You will be amazed and left in awe by Steve Smyth, as he is a consummate performer that gives all he has to each show whether it to be a whole stadium or just a small gathering. I believe you will be swept up in the magic of Steve Smyth just as much as I am.

Twerps (Melbourne)
First time I heard the jangly pop rock of Twerps, I fell in love with them. I think it was at a Laneway festival in Melbourne and from there I sought out their 2011 debut self-titled album that featured the classics ‘Dreamin’, ‘Through the Day’ and ‘Who Are You’. I was pretty late in coming to the Twerps party, as they are located in Melbourne and don’t play in Sydney that often. They formed in 2008 and have been really busy ever since in Australia and America (touring, SXSW, CMJ) and along the way have built up much respect from the punters and critics alike. They found a champion in BBC 6musics’s Marc Riley, who spread their 2012 single ‘Work It Out’ by playing it on his evening programme.

Their music touches my soul, it builds on the Australian sound and music psyche that was carved out in years gone by bands such as The Sunnyboys and The Go Betweens. At times, the beauty of the debut album brings tears to my eyes. In November 2014, I heard some of the new tracks from the 2015 album ‘Range Anxiety’ released in January, and am confident it’ll be another ripper LP. Check them out to discover what the revered Australian pop rock sound is like.

Massive thanks to NickiGirlStar for her local insight and assisting with this two-part feature.


SXSW 2014: a flying visit to a New Zealand festival and doing a re-make/re-model at the British Music Embassy – 15th March 2014

By on Thursday, 27th March 2014 at 2:00 pm

When we woke up on Saturday, we were greeted by rain. Not just rain. Very heavy rain. So heavy initially that I considered going back to bed. But it was our last day in Austin and I intended to make the most of it. While it was a wee dreary walking around with an umbrella after so many days of carefree strolls in the Texan sunshine, when life hands you lemons, you have to make lemonade, am I right?

Carrie went to find coffee (if you’re reading all our posts, are you sensing a theme here?) and was to meet me later, having a leisurely early afternoon, while I went off in search of the London act I didn’t think I’d be able to see all week but somehow the organisational gods smiled down on me and suddenly I found I could. St. Jerome’s Laneway Festival is an annual music event in Auckland, New Zealand, and at this year’s SXSW, they hosted an afternoon showcase covering both stages of Holy Mountain out on 7th Street.

I arrived too early for who I was there for, so I walked between the stages to see if my ears perked up to anything I heard. In the backyard stage when I arrived were Brisbane rockers The Creases, who have that Beach Boys-ey, Best Coast-esque sunny surf pop sound nailed down all right. Not my thing at all but certainly enjoyable enough under a tent that was keeping us dry from the elements. Far more impressive to me was the guitar singer Jarrod Mahon was playing, in a shape that defies description. Maybe ‘The Preposterous Pentagon’?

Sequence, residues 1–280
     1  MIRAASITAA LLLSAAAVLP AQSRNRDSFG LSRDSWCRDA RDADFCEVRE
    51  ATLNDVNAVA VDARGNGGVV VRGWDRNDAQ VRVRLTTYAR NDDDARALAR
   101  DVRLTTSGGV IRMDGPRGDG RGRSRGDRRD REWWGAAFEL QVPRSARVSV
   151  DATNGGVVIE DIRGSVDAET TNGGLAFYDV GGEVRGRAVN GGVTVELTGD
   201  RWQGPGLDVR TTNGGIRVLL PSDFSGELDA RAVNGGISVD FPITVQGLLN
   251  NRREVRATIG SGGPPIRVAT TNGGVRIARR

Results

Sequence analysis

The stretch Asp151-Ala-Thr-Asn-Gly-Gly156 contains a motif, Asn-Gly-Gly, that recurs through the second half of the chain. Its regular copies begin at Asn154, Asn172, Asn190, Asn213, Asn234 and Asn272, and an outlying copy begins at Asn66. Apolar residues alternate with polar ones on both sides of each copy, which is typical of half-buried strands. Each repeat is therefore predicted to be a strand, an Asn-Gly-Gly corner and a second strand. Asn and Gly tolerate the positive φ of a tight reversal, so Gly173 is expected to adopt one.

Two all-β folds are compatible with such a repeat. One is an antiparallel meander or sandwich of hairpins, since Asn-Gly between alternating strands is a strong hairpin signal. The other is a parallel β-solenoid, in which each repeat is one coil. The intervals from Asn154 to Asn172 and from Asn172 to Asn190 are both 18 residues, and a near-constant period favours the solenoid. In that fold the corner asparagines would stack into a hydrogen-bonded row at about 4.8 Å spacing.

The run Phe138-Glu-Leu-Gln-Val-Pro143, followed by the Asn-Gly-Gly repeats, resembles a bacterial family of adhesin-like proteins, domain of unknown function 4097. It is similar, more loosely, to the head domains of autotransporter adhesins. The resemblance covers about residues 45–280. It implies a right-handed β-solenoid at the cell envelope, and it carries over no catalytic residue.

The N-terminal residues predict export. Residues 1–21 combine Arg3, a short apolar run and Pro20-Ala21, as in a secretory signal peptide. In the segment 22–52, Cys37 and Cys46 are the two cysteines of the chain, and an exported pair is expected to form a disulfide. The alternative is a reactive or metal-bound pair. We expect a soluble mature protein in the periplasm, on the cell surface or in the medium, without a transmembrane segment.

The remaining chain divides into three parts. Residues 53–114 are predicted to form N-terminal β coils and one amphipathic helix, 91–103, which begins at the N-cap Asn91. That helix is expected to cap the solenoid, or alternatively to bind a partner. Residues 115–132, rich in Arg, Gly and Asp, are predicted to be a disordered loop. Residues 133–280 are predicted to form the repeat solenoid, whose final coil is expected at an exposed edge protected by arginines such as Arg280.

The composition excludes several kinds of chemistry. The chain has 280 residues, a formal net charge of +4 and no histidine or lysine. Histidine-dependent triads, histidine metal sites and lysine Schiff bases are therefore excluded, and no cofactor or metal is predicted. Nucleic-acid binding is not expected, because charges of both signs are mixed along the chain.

After the Creases finished, I almost got impaled by one of Bo Ningen‘s guitars (that would have been awful) and quickly went back to the indoor stage to find a very tattooed, not at all huggable one man band Kirin J. Callinan, who according to this FasterLouder article was one of the big Aussie success stories of SXSW 2014. There was nothing about his performance that screamed ‘trailblazer’ to me, but I suppose for you ladies (and certain men) who enjoy a shirtless man with tattoos performing on a guitar and screaming into a microphone, you should probably get on this bandwagon ASAP.

By this time, you’re probably wondering what the heck I was doing at Holy Mountain in the first place. I’m glad you asked! Tourist, aka London musician and producer Will Phillips, was due on shortly after 1 PM. I actually saw him skulking around outside the venue beforehand. It must be really hard to psych yourself for an afternoon of DJaying when you really want to be playing your music in a dark club late at night, but Phelps took it in stride, even taking a joyful stab at the weather:

I’m not sure how best to describe the Tourist set to you. It was way too short – it seemed like less than 20 minutes – and Phillips doesn’t sing, so when you’re watching him perform, it’s him attacking a wide array of synthesisers, sequencers and other electronic gizmos, while he’s bopping his body around, clearly caught up in the music. Dance without words is hard to explain to other people, because you have to *be* there experiencing to really ‘get’ it, to have the music pulsing through your veins.